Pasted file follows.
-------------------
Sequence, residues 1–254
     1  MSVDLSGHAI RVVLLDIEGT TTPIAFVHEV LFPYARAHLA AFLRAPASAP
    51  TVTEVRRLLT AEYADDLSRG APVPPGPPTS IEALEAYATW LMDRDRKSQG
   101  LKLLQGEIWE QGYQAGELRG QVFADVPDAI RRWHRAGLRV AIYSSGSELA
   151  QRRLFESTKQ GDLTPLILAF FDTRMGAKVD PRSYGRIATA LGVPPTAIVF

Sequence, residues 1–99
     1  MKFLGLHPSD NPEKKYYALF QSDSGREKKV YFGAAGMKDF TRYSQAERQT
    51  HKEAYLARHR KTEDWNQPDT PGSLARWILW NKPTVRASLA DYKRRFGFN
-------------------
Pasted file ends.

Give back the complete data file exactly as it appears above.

Sequence, residues 1–254
     1  MSVDLSGHAI RVVLLDIEGT TTPIAFVHEV LFPYARAHLA AFLRAPASAP
    51  TVTEVRRLLT AEYADDLSRG APVPPGPPTS IEALEAYATW LMDRDRKSQG
   101  LKLLQGEIWE QGYQAGELRG QVFADVPDAI RRWHRAGLRV AIYSSGSELA
   151  QRRLFESTKQ GDLTPLILAF FDTRMGAKVD PRSYGRIATA LGVPPTAIVF

Sequence, residues 1–99
     1  MKFLGLHPSD NPEKKYYALF QSDSGREKKV YFGAAGMKDF TRYSQAERQT
    51  HKEAYLARHR KTEDWNQPDT PGSLARWILW NKPTVRASLA DYKRRFGFN